Researchers unveil effects of dust particles on cloud properties

phys.org | 3/25/2019 | Staff
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The glacier Brøggerbreen and its surroundings in July 2016 which show the characteristics of glacial outwash sediments obtained in Svalbard. Credit: Yutaka Tobo, Ph.D., the National Institute of Polar Research, Japan.

An international team led by Japanese scientists has generated significant findings that highlight the impact of high-latitude dust on the conversion of water droplets in clouds into ice—or glaciation—within low-level clouds in the Arctic region. These results contribute to a better understanding of factors at the land surface and how they affect cloud formations. The research findings also add to a better understanding of how climate is affected by clouds, which are increasingly considered to be among the most important, yet most complex, regulators of the global climate. Depending on the conditions, clouds either enhance warming or cool the climate by trapping heat or reflecting sunlight back into space, respectively.

Study - Nature - Geoscience - March

The study was published in Nature Geoscience on March 25, 2019.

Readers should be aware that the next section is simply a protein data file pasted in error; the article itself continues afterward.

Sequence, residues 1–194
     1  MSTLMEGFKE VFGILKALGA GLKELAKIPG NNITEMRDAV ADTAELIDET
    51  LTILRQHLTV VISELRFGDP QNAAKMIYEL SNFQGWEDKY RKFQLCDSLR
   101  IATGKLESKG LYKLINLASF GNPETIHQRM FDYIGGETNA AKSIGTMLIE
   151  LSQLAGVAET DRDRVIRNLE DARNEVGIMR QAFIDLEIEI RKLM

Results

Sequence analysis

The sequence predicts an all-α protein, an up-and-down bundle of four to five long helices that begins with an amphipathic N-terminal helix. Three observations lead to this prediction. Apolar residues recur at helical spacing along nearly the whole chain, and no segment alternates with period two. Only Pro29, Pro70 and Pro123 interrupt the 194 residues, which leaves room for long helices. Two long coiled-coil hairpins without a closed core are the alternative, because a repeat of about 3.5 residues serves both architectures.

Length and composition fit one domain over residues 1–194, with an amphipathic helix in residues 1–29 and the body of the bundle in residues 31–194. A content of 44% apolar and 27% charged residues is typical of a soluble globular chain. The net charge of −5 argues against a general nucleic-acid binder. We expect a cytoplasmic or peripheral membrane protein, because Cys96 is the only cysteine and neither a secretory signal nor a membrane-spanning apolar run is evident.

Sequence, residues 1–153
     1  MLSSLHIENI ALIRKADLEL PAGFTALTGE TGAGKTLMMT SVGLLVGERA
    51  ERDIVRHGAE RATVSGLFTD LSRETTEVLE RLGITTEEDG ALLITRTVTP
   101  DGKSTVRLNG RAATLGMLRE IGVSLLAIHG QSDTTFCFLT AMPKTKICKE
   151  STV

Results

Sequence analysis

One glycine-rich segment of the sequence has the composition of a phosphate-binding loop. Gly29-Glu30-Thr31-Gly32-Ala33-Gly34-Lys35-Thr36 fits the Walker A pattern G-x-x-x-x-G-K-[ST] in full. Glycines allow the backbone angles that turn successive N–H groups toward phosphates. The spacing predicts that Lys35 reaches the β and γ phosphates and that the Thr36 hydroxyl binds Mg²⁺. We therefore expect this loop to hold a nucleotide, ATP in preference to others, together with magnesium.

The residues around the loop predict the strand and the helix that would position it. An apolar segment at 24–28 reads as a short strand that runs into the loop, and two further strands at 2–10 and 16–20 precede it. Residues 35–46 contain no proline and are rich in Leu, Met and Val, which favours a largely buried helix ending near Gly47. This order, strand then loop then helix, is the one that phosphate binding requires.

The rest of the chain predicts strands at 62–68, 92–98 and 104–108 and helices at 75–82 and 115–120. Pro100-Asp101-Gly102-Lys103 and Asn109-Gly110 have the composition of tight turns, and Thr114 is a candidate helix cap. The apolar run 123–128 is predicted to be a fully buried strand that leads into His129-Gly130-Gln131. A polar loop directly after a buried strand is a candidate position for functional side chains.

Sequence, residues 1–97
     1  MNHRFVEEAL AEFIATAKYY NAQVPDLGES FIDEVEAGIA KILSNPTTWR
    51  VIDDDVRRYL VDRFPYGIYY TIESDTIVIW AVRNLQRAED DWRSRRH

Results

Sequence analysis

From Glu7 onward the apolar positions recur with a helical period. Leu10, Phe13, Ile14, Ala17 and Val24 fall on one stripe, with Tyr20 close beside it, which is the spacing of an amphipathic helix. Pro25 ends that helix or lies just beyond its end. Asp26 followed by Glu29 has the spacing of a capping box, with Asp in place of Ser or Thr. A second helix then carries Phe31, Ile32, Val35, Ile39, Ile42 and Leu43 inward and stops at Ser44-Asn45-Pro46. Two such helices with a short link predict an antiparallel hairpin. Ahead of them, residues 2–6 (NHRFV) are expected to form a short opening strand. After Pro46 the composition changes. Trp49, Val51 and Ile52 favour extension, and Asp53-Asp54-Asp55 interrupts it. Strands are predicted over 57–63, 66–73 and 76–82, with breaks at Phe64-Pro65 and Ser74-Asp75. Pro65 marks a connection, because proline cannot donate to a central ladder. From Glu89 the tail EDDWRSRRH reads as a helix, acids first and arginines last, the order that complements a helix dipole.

Clouds play one of the most important roles in the atmospheric system. They are key players in maintaining the radiation balance of the Earth's atmosphere and are also involved in maintaining the Earth's energy equilibrium. They are made up of particles such as ice crystals and/or droplets that in turn mediate the atmosphere's radiation balance and the maintenance of the Earth's energy equilibrium. When chilled below 0oC, water molecules start forming ice crystals wherever there are minerals or other solids suspended in the water—what are known as nucleation sites. Completely pure water that has no nucleation sites can be chilled well below the usual freezing point and yet remain a liquid—a process called supercooling. Clouds can also be affected by dust particles as they serve as ice nucleating particles (INPs) and cloud condensation nuclei (CCN) allowing ice and liquid droplet formation. In particular, mixed-phase clouds that are made up of water...
(Excerpt) Read more at: phys.org
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